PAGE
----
Wednesday, 2 September 2015

Not cake

Sporadically I blog about cake - sometimes about veg.
However this evening I've been thinking about statistics, and specifically death rates.

Because given the events that are unfolding in Syria, the Mediterranean and across Europe, it's hard not to think about these things.

And having thought, and researched and calculated, to put some things into context for myself, I thought I might as well share. 

It's easy to see and hear numbers in news bulletins from places half-way across a continent or country and lose any sense of how they relate to our safe and unthreatened lifestyles, homes and families.

I have to be open in admitting my analysis is simplistic, using readily derivable data, taken on face value, and that inherently I'm no doubt comparing apples and pears. However, as an indicator of scale I found it helpful - and sobering.

I've used IOM arrivals and mortality data to calculate year-to-date death rates for refugees fleeing Syria by boat. (Data from this press release) For comparability the following death rates are per 100,000 people, based entirely on recorded data - no forward projection has been included. This data is a snapshot in time and may significantly change in future.
  • All routes: 748 
  • Central Mediterranean Route: 2,047
  • East Mediterranean Route: 40
  • West Mediterranean / West African Route: 1,051
In calculating these, I have assumed that the recoded deaths are in addition to the recorded arrivals. If they are already incorporated, then the rates will be higher.

And now for the context.

I've chosen a range of figures from the National Records of Scotland 2014 deaths data (Vital Events data taken from here). Again, death rates are quotes per 100,000 people. Data is split male/female - in each case I've taken the greater.
  • All causes (all genders): 1,014
  • Cancers (male): 320
  • Circulatory: 287
  • Respiratory: 130
  • All external causes: 61
  • Accidents: 40
  • Transport related: 6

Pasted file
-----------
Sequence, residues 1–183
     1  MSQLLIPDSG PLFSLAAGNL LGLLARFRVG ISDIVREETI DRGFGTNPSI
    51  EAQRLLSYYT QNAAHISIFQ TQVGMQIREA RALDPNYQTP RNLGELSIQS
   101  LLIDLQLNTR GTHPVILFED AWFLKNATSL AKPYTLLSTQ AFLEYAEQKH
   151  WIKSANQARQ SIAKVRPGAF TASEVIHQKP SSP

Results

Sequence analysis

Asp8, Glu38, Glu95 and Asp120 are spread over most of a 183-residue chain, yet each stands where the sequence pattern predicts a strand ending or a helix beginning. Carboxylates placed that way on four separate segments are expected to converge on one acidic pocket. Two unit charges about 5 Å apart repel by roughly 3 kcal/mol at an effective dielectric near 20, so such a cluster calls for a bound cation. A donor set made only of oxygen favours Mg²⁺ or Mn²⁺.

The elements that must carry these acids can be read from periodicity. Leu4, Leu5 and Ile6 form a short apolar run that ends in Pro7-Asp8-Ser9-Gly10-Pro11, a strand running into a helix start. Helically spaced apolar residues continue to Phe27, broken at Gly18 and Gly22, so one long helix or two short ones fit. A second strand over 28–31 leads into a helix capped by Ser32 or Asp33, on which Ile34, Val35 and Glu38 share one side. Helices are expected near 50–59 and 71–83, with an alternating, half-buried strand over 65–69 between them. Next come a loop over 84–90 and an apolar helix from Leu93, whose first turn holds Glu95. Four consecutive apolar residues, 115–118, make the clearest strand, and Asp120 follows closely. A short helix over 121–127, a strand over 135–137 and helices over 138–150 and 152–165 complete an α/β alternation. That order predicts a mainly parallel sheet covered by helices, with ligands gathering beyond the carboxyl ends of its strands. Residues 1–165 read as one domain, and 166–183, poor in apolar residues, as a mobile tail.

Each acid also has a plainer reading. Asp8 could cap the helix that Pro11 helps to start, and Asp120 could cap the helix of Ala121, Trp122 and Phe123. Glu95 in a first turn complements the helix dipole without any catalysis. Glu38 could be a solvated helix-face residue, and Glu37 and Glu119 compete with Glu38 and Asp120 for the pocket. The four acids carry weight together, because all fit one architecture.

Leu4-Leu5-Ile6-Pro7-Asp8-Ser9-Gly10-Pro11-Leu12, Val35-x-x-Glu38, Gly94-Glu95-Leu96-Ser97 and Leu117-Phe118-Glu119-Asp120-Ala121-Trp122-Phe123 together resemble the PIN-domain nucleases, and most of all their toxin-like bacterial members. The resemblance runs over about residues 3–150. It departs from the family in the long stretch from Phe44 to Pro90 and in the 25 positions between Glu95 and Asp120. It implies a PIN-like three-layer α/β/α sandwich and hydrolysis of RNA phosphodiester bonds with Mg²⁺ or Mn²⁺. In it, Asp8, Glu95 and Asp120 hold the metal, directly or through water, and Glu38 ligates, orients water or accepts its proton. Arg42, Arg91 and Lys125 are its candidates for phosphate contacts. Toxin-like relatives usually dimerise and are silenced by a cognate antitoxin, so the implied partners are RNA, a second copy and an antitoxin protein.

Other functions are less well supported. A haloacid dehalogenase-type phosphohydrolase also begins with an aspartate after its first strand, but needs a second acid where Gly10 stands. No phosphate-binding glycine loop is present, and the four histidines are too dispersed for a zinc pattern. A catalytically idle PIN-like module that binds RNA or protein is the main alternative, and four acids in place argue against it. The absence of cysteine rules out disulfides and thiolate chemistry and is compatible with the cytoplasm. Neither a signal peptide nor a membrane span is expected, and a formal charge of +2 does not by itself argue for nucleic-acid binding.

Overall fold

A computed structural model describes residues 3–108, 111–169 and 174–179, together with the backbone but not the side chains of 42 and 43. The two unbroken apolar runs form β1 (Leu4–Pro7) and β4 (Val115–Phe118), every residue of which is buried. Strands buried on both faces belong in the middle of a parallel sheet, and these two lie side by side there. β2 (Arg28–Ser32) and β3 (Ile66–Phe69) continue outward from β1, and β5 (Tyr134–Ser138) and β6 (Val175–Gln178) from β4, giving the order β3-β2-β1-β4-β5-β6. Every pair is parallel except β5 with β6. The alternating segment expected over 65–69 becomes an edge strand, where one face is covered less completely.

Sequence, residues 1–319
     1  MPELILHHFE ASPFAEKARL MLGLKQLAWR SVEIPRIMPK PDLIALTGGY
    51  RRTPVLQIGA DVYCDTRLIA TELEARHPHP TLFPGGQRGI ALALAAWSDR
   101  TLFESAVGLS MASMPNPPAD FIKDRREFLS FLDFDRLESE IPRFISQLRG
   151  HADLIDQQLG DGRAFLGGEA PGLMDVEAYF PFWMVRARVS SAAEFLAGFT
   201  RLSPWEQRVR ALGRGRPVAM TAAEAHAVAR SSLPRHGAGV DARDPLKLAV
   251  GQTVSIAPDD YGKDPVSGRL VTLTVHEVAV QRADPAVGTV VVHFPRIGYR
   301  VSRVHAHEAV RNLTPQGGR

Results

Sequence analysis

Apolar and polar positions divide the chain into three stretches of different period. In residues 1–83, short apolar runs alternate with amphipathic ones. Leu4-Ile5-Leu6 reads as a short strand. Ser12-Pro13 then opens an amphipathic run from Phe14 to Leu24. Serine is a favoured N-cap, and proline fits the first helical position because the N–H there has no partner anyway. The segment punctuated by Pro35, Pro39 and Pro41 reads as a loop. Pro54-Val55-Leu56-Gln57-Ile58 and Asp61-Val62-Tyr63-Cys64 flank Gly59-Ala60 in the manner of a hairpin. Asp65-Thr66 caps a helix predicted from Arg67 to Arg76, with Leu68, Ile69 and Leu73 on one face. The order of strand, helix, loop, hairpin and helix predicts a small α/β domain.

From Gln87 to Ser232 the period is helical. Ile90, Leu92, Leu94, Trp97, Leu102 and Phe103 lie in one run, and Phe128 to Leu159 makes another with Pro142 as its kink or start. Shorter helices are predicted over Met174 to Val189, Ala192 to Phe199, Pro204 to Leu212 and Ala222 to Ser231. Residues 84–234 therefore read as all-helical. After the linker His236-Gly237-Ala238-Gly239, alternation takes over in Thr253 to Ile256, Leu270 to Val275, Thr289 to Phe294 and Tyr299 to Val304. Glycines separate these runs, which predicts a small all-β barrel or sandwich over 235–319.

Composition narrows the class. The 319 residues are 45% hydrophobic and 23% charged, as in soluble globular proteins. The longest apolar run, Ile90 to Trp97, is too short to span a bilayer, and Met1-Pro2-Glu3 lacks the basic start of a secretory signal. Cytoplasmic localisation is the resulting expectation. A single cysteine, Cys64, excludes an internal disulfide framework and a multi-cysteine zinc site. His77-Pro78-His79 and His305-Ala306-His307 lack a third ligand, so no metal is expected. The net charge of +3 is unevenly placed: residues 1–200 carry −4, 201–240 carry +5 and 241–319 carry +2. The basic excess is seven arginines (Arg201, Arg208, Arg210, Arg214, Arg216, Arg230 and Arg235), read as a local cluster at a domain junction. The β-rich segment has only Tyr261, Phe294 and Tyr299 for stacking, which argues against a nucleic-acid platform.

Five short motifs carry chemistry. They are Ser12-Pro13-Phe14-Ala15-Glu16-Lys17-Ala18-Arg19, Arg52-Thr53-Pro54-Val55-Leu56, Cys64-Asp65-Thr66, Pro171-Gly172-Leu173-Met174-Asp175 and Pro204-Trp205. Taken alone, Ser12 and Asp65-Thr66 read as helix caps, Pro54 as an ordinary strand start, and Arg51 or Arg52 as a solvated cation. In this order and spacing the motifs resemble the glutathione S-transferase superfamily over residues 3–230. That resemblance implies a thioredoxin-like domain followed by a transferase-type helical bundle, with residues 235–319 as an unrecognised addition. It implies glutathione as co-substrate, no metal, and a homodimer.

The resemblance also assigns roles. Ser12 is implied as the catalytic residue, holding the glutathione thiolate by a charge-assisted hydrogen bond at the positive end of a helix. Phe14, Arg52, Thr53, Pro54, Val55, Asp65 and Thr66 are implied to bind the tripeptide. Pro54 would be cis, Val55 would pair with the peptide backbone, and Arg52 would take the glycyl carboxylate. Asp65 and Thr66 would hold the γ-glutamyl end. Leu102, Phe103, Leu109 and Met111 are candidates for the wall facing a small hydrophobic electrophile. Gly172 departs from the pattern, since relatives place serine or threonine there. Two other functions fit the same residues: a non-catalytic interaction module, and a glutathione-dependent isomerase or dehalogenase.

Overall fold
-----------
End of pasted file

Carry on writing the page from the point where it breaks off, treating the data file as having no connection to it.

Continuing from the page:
The death rate for the single journey make by thousands fleeing via the Central Mediterranean route is twice as high as the death rate from all causes in Scotland last year, and 17 times greater than the rate for deaths from external causes (i.e. not illness). And that is without factoring in the violence these people are fleeing, and the arduous journeys, human trafficking, abuse, heat, exhaustion, dehydration, lack of sanitation, food and medical care at either end of their sea voyages.

As I said - I know my sets of figures aren't directly comparable - but then absolutely nothing the majority of us have within our real frame of reference and comprehension is.

No-one puts themselves, their children or families through that sort of ordeal unless utterly desperate. At a human level, as a nation we should be helping, not trying to work out how to bureaucratically pass the buck, or how to legitimately minimise our national responsibility and justify our lack of support to other humans in crisis with spin and fear.

In 2014, there were 54,239 deaths in Scotland.
In 2015 to date there have been 2,432 in the Mediterranean sea.
That's 5% of the total deaths form all causes in our entire nation last year, in only 8 months as a result of a single collective desperate escape.

3 comments:

  1. Oh Ruth, I live in Italy and I know what you mean.

    ReplyDelete
    Replies
    1. It is awful to watch such tragedy unfolding over and over again, for so many families, and to be able to do so little practical to help (although there is now at least more information on organisations collecting donations of supplies and money)

      Delete
  2. Anyone would have to be truly desperate to embark upon these journeys.
    I worry that they might have been convinced by those profiting from their desperation that the journey is safer than it really is and that things will be better than they really are once they get to Europe.
    I also worry about how we can possibly support all the people desperate to leave their own countries but have to balance that against the feeling that we must do something, we can't just hope the problem will go away.

    ReplyDelete

LinkWithin

Related Posts Plugin for WordPress, Blogger...